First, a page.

Thursday, May 26, 2022

Natural Alternatives to Beano

Beano is a dietary supplement that’s used to prevent gas and bloating. It contains the enzyme alpha-galactosidase, which helps the body break down complex carbohydrates into simple sugars. That’ll make them easier to digest, which will help reduce gas.

For the best results, take it prior to your meals (or with your first bite of food). If you forget, you can always take it afterward but it may not be as effective. Just don’t add it to the food that you’re cooking; the heat will break down the enzyme, which will render it useless.

How much should you take? Two to three tablets, assuming that you’re eating a typical meal. While it’s generally safe, it can cause an allergic reaction in some people. Stop using it right away if you experience hives, itching, wheezing, or tightness in the chest.

Because there are other alternatives that you can use instead. Find out what they are by reading the rest of the post!

1. Herbal Tea

Some types of herbal tea can help with gas, bloating, and other digestive symptoms

Some herbal teas can help reduce gas. One example is peppermint; it contains flavonoids, a type of plant compound that inhibits the activity of mast cells, a type of immune cell that can sometimes contribute to bloating. Studies have also shown that it may help alleviate abdominal pain by relaxing the gut. To make peppermint tea, add one tablespoon of dried peppermint leaves to one cup of boiled water (you can also use a tea bag or fresh peppermint leaves). Let it steep for 5-10 minutes before straining.

Lemon balm tea is another option. Known for its lemony scent, it may help relieve mild digestive issues including gas, bloating, diarrhea, and constipation. In fact, it’s a key ingredient in Iberogast, a digestive supplement that’s available in Europe and North America. To make the tea, steep one tablespoon of dried lemon balm leaves with one cup of boiled water for 10 minutes.

Ginger tea is effective as well. Not only will it reduce bloating and gas, but it’ll speed up stomach emptying as well, which will help relieve digestive upset. Simply mix 1/2 teaspoon of powdered ginger root with one cup of water. Steep for 5-10 minutes. Alternatively, you can use fresh, sliced ginger (approx. 1 tablespoon).

Chamomile tea is another popular option. In traditional medicine, it’s often used to treat gas, indigestion, nausea, diarrhea, and vomiting. Studies have also shown that it can help prevent stomach ulcers. To make it, pour one cup of boiled water over one tablespoon of dried chamomile and steep for 5-10 minutes. You can also use teabags if you don’t have dried chamomile.

Other teas that may help with bloating include fennel, angelica root, and anise.

2. Activated Charcoal

Activated charcoal is a black, odorless powder that’s made by burning carbon-rich materials at high temperatures. In emergency rooms, it’s often used to treat overdoses. That’s not all, it’s also effective at adsorbing gases, which can help prevent bloating (it has a porous texture that attracts positively charged molecules such as gas). And if you combine it with simethicone, it’s even more effective.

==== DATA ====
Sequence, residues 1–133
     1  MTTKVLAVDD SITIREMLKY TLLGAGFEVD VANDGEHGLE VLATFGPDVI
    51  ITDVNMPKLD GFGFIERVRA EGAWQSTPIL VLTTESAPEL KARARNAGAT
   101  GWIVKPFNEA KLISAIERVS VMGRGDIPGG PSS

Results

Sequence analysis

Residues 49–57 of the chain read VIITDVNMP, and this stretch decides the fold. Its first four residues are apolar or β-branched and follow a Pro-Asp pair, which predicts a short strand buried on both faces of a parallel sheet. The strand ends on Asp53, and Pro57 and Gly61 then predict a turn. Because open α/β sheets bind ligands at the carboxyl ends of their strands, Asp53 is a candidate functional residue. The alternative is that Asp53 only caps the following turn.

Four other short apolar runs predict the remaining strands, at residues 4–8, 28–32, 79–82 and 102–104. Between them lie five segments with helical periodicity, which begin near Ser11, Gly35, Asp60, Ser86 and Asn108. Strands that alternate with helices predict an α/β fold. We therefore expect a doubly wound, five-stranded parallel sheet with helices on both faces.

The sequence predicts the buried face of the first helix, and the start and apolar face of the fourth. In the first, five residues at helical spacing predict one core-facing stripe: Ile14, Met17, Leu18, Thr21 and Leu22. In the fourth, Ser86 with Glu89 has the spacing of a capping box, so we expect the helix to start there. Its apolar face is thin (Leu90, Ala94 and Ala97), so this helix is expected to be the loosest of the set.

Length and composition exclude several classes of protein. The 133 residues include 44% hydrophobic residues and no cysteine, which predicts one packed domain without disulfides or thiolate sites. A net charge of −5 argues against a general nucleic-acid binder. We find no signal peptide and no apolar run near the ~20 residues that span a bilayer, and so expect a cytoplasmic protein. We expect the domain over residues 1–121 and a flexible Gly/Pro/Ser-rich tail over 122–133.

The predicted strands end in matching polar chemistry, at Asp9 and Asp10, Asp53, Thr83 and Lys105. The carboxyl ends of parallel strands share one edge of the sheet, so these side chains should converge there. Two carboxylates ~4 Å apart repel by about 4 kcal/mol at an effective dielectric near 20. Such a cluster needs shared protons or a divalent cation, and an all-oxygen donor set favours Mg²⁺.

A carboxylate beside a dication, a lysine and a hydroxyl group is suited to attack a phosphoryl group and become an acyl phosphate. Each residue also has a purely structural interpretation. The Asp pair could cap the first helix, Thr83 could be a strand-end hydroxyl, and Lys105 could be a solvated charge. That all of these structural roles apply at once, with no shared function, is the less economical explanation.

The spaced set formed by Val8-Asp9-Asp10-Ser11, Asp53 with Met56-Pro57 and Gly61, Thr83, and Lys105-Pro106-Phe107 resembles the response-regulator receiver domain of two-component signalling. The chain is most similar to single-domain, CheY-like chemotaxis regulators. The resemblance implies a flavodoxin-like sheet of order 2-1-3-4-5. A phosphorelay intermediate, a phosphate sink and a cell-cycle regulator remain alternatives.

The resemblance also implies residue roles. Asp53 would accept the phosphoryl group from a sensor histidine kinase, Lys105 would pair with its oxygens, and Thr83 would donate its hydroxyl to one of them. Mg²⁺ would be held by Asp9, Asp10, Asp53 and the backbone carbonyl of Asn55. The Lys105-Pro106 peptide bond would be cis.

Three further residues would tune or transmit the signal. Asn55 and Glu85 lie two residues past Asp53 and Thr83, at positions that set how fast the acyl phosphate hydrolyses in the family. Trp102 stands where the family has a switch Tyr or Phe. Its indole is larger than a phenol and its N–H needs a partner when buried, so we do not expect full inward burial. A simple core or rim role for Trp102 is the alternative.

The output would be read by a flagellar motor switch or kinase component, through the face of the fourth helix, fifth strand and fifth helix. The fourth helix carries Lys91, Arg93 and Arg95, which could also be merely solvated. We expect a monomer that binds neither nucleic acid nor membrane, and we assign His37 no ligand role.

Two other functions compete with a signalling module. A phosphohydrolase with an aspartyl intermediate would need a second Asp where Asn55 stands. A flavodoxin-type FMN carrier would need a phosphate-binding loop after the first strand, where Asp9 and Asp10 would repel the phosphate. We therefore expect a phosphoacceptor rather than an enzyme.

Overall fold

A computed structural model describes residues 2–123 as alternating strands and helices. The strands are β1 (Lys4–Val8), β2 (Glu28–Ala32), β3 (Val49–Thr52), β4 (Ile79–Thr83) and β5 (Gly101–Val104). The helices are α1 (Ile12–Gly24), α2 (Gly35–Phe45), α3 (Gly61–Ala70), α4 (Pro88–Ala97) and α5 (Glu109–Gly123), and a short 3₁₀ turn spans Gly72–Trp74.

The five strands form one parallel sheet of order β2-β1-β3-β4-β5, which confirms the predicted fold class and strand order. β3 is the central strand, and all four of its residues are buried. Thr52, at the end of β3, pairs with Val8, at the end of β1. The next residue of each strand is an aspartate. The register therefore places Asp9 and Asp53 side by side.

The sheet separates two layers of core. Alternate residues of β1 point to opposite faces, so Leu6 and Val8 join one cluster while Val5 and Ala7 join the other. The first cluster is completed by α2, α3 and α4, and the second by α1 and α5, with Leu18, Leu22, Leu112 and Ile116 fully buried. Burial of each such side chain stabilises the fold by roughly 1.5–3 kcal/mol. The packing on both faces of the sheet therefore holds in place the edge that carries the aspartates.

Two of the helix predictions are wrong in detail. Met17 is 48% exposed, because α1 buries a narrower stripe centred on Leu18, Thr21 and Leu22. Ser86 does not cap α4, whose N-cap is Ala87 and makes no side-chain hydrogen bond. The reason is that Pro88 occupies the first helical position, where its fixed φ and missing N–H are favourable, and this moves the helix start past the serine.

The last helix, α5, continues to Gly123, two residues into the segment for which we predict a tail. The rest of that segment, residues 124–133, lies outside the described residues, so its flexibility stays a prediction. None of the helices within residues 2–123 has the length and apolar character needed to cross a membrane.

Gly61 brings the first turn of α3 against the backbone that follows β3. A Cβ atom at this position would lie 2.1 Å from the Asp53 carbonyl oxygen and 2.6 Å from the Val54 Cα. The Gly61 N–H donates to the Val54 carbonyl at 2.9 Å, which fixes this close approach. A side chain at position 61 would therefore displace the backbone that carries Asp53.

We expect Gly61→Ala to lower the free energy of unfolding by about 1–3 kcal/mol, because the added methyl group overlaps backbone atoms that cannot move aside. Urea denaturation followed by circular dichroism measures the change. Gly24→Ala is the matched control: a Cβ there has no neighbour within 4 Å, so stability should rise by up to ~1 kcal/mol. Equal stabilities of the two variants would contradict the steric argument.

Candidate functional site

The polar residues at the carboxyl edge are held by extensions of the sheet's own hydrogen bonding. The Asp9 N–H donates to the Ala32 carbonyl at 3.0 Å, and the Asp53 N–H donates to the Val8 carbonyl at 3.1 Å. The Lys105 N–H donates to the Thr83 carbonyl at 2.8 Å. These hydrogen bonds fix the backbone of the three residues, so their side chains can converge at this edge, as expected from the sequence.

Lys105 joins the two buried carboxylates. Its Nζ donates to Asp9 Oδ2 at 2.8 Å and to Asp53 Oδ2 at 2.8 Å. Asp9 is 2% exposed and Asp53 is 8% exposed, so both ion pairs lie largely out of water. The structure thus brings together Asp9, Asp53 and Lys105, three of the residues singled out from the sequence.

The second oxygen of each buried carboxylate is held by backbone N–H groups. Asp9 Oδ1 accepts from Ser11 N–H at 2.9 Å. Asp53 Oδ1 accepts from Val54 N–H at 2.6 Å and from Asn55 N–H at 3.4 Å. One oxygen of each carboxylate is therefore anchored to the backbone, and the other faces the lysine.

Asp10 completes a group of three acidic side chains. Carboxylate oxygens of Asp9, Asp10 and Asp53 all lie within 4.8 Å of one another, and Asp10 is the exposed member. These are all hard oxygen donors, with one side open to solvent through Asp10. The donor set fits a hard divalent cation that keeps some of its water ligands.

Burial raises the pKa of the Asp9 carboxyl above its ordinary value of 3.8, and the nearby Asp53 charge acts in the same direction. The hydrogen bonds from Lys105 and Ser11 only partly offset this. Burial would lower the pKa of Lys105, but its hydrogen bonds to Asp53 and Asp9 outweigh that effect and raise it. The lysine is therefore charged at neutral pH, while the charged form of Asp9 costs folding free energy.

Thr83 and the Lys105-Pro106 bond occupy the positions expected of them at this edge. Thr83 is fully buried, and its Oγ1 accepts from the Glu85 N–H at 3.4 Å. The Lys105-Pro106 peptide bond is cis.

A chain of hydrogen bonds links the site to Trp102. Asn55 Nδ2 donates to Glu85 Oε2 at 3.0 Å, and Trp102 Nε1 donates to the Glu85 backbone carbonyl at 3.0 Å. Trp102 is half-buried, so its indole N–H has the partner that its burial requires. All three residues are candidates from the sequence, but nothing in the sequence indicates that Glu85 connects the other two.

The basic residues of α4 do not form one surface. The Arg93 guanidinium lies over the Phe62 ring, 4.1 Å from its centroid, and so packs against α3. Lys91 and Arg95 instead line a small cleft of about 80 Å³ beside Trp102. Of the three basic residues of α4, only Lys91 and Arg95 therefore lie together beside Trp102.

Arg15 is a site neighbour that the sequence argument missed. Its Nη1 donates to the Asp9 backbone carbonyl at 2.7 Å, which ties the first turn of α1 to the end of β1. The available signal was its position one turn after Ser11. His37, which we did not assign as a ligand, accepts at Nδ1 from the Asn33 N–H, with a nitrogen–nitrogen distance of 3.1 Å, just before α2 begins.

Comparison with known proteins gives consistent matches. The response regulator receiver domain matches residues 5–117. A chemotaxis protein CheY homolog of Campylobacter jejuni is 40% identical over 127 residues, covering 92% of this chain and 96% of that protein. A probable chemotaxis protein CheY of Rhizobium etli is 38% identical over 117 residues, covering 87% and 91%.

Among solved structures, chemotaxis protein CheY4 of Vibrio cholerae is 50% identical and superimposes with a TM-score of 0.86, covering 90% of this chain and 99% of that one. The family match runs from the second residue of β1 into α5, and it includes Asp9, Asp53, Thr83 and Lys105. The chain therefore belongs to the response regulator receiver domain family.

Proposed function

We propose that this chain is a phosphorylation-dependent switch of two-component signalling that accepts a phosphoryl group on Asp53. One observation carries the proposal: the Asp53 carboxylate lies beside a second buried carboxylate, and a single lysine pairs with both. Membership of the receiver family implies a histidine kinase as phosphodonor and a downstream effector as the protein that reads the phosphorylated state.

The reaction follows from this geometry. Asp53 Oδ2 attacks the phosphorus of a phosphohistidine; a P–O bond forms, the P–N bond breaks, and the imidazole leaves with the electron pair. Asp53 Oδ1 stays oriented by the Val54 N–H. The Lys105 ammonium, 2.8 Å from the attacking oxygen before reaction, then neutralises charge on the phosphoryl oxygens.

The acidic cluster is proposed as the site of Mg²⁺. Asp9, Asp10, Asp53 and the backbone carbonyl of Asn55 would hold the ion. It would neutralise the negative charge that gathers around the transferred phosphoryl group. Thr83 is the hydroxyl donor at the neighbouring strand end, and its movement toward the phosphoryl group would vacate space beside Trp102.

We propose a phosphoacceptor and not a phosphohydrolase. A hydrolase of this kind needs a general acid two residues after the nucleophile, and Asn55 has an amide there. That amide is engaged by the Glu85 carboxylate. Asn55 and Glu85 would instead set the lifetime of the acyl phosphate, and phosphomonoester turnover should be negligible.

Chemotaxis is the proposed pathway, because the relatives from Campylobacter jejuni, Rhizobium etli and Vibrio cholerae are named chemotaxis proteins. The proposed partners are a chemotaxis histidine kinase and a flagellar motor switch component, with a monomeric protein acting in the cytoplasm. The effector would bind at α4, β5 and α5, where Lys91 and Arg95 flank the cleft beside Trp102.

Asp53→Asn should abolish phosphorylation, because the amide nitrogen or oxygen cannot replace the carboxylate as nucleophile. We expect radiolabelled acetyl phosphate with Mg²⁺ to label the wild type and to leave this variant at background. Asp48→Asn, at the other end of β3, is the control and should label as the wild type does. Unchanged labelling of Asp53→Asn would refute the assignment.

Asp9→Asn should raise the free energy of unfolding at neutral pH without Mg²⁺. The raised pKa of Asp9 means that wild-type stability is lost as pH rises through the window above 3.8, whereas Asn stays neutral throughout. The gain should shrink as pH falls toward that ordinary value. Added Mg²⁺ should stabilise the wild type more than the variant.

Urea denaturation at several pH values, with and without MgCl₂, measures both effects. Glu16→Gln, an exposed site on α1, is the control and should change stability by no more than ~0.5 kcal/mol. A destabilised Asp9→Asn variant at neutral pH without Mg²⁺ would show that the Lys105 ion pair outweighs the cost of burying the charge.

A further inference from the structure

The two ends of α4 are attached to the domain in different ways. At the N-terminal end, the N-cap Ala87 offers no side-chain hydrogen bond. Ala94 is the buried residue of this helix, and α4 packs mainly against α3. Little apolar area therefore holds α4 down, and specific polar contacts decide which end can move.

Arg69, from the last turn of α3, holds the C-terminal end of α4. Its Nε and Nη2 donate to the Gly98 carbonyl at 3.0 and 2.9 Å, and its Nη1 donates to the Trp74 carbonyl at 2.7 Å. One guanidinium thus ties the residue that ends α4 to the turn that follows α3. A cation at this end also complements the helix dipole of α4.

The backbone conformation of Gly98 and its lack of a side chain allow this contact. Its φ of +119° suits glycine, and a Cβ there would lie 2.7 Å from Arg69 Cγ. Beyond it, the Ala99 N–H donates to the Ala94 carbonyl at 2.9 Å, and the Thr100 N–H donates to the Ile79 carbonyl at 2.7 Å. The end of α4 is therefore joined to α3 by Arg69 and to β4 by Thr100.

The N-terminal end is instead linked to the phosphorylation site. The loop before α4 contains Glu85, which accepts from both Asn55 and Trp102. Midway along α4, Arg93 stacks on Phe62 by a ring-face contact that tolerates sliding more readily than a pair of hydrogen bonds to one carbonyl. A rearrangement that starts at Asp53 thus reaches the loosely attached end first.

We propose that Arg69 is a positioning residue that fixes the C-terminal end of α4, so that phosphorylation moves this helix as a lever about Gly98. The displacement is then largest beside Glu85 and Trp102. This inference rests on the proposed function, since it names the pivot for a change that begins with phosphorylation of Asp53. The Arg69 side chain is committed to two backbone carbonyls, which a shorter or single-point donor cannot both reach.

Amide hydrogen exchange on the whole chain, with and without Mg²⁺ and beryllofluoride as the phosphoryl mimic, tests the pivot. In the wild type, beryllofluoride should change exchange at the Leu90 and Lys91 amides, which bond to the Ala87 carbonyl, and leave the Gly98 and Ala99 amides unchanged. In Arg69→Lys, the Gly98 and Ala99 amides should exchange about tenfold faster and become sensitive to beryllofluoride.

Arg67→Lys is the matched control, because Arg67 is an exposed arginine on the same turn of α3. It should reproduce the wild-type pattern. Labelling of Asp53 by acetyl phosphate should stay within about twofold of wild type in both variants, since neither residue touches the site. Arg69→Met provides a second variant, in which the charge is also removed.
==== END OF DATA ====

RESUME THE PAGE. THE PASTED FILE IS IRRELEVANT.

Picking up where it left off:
In fact, it’s sometimes used to increase the clarity of ultrasound images (taking activated charcoal several hours beforehand can reduce the amount of gas in your gut, which will give clearer images).

As far as dosage goes, the recommendation is 500 to 1,000 mg per day for intestinal gas. For the best results, take it as soon as you can after eating. Keep in mind, however, that it does have a drying effect on the body. Given that, you want to drink plenty of water.

Not only that, but it can also cause black stools, vomiting, diarrhea, or constipation. Your tongue may also turn black. Don’t worry, that’s normal—simply rinse it with water.

3. Apple Cider Vinegar

Apple cider vinegar can be made into a tea or used as a salad dressing

Apple cider vinegar may help those with gas. While there’s no scientific evidence to suggest that it’s effective for bloating, there’s no harm in trying. For example, it may help if you are experiencing gas due to bacteria buildup in the stomach; this typically happens when food isn’t broken down properly. In cases like this, apple cider vinegar can help by increasing stomach acid. Not to mention that it also has antimicrobial properties.

And there are many ways that you can incorporate it into your diet. For example, you can drink it straight out of the bottle. Due to its strong taste, however, many people prefer to mix it with water or other liquids.

For instance, you can make a tea by adding one teaspoon of apple cider vinegar to one cup of steaming water. For flavor, you can also add a teaspoon of honey. Or if you want, you can add it to a smoothie. If anything, that’ll help mask its bitter taste. In addition to that, you can put it on a salad.

Just remember to rinse your mouth afterward (its acidic properties can damage tooth enamel) and if you can, try to avoid contact with your teeth when you’re consuming the vinegar.

4. Probiotics

Probiotics can help with various digestive issues from gas to cramping. It does this by restoring balance to the gut. By having enough ‘good’ bacteria in the digestive tract, you’ll be able to reduce negative side effects such as flatulence and bloating. Not only that, but they can also increase gut motility; that’ll speed up the digestion process so that food won’t get backed up.

For gas, strains of Lactobacillus and Bifidobacterium are considered to be the most effective.